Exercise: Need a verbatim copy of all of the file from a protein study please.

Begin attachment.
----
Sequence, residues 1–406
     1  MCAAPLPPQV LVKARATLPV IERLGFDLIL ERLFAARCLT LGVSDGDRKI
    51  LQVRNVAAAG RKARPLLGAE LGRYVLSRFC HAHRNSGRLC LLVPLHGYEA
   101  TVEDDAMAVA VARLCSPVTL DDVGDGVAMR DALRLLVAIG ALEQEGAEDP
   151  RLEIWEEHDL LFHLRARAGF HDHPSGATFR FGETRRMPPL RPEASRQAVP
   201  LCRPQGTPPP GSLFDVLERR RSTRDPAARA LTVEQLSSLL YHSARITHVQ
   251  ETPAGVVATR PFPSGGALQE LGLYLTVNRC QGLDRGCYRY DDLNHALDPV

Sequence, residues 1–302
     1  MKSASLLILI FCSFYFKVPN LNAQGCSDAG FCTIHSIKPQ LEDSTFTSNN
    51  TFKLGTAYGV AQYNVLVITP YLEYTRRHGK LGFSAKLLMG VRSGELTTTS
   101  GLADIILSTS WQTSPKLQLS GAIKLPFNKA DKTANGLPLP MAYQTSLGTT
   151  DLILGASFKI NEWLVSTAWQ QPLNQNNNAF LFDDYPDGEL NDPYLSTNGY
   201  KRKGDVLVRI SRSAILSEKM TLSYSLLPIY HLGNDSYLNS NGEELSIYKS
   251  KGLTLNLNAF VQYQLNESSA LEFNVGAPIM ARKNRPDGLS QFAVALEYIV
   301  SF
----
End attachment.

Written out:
Sequence, residues 1–406
     1  MCAAPLPPQV LVKARATLPV IERLGFDLIL ERLFAARCLT LGVSDGDRKI
    51  LQVRNVAAAG RKARPLLGAE LGRYVLSRFC HAHRNSGRLC LLVPLHGYEA
   101  TVEDDAMAVA VARLCSPVTL DDVGDGVAMR DALRLLVAIG ALEQEGAEDP
   151  RLEIWEEHDL LFHLRARAGF HDHPSGATFR FGETRRMPPL RPEASRQAVP
   201  LCRPQGTPPP GSLFDVLERR RSTRDPAARA LTVEQLSSLL YHSARITHVQ
   251  ETPAGVVATR PFPSGGALQE LGLYLTVNRC QGLDRGCYRY DDLNHALDPV

Sequence, residues 1–302
     1  MKSASLLILI FCSFYFKVPN LNAQGCSDAG FCTIHSIKPQ LEDSTFTSNN
    51  TFKLGTAYGV AQYNVLVITP YLEYTRRHGK LGFSAKLLMG VRSGELTTTS
   101  GLADIILSTS WQTSPKLQLS GAIKLPFNKA DKTANGLPLP MAYQTSLGTT
   151  DLILGASFKI NEWLVSTAWQ QPLNQNNNAF LFDDYPDGEL NDPYLSTNGY
   201  KRKGDVLVRI SRSAILSEKM TLSYSLLPIY HLGNDSYLNS NGEELSIYKS
   251  KGLTLNLNAF VQYQLNESSA LEFNVGAPIM ARKNRPDGLS QFAVALEYIV
   301  SF